• Further simplification options in particular in light of jurisdictional blending. During the December 2019 Public Consultation (OECD, 2019[5]), many MNEs stressed that simplification measures are needed to reduce the complexity and administrative burden associated with complying with the GloBE rules, particularly in the context of jurisdictional blending. Several submissions pointed out that large MNEs often operate in more than 100 jurisdictions and would be required to undertake the same number of ETR calculations under a jurisdictional blending approach. Other submissions expressed concern that, under jurisdictional blending, it would be necessary to compute the ETR in jurisdictions that are likely to be above the agreed minimum rate year-after-year, given the base and tax rate in these jurisdictions. These inputs informed a number of the design features already discussed above, but also led to the exploration of several further simplification measures, as set out in Chapter 5 of the Report. These simplification measures would benefit from further public consultations with stakeholders and business in particular and therefore no decision has yet been taken on which, if any, of these simplification measures to incorporate into the final design of the rules.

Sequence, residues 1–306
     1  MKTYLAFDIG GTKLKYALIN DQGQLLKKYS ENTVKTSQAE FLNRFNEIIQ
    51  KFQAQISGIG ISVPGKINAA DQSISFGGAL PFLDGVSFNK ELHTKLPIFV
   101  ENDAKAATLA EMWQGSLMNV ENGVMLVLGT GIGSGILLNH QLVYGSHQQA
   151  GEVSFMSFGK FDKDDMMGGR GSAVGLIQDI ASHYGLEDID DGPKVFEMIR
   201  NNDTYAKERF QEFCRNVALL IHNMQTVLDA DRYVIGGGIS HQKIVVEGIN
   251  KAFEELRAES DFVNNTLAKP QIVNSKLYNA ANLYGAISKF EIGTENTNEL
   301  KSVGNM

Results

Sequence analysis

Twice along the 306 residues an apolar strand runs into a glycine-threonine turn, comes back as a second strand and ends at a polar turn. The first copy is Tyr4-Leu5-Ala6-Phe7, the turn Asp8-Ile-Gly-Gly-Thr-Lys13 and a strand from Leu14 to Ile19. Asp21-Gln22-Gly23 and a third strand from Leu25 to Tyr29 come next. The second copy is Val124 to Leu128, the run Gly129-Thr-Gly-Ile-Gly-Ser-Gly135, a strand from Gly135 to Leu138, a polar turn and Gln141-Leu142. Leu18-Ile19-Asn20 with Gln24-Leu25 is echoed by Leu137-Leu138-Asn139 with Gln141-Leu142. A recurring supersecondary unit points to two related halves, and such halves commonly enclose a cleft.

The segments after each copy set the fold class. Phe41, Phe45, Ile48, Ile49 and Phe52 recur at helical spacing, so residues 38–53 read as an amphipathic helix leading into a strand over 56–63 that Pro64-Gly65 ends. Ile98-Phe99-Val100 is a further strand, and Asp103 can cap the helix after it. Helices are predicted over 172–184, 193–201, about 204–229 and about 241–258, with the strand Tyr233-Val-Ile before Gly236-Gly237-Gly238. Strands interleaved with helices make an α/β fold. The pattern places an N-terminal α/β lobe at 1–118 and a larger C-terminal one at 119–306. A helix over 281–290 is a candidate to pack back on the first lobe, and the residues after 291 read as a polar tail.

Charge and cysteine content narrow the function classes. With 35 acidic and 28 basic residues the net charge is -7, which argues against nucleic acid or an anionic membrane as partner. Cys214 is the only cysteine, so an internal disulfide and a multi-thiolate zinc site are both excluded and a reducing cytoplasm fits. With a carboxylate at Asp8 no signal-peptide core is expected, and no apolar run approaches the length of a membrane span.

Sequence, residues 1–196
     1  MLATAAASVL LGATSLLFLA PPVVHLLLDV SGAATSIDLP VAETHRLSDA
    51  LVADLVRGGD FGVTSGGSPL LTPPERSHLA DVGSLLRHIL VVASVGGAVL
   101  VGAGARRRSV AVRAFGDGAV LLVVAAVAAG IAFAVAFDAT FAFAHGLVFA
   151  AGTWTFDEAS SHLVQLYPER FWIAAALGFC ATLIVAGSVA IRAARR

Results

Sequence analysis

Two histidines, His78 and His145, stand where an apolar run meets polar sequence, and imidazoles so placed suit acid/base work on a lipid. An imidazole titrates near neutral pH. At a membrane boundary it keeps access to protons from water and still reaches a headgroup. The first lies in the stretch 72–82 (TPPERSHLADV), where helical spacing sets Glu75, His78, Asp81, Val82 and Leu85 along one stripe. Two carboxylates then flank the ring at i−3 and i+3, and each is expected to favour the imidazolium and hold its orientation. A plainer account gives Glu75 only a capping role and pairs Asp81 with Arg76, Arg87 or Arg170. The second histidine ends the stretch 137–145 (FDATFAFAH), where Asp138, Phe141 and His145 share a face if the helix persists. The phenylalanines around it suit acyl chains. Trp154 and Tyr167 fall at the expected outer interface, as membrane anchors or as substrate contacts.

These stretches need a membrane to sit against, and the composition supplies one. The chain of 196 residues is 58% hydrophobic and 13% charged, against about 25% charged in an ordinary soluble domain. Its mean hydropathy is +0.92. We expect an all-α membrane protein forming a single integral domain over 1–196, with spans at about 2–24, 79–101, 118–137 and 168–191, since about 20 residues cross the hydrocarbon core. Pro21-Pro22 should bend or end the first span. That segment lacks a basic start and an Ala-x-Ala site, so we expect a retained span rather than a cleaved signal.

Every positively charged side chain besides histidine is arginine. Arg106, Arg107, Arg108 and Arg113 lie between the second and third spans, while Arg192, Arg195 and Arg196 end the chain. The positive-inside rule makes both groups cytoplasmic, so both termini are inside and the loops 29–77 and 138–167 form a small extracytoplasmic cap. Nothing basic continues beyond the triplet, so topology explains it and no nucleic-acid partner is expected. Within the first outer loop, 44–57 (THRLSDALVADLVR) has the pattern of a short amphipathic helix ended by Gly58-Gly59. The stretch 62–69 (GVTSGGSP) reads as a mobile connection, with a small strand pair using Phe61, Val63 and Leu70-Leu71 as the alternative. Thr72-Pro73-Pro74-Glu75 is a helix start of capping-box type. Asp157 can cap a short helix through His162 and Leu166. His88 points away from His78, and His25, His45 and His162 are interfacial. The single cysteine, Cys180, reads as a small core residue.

25. The United States enacted the Global Intangible Low-Taxed Income (GILTI) regime in 2017 as part of a substantial reform of the US international tax rules. The GILTI regime, which draws on elements of the BEPS Action 3 Report, provides for a minimum level of tax on the foreign income of an MNE Group. While the GILTI and GloBE rules as described in this Blueprint have a similar purpose and overlapping scope, the design of GILTI differs from GloBE in a number of important respects.

26. While GILTI results largely, but not completely, in a global blending of foreign income and taxes, in a number of other respects, the GloBE rules, as described in this Blueprint, would be more permissive than GILTI, depending also on their final design. These include the carry-forward of losses and excess taxes, a broader definition of covered taxes and a carve-out based on a broader range of tangible assets and payroll. Furthermore, GILTI applies without threshold limitations and incorporates expense allocation rules in the calculation of foreign tax credits which can result in effective rates of taxation above the minimum rate. Finally, the GILTI effective rate is currently set at 13.125% and will increase to 16.4% in 2026.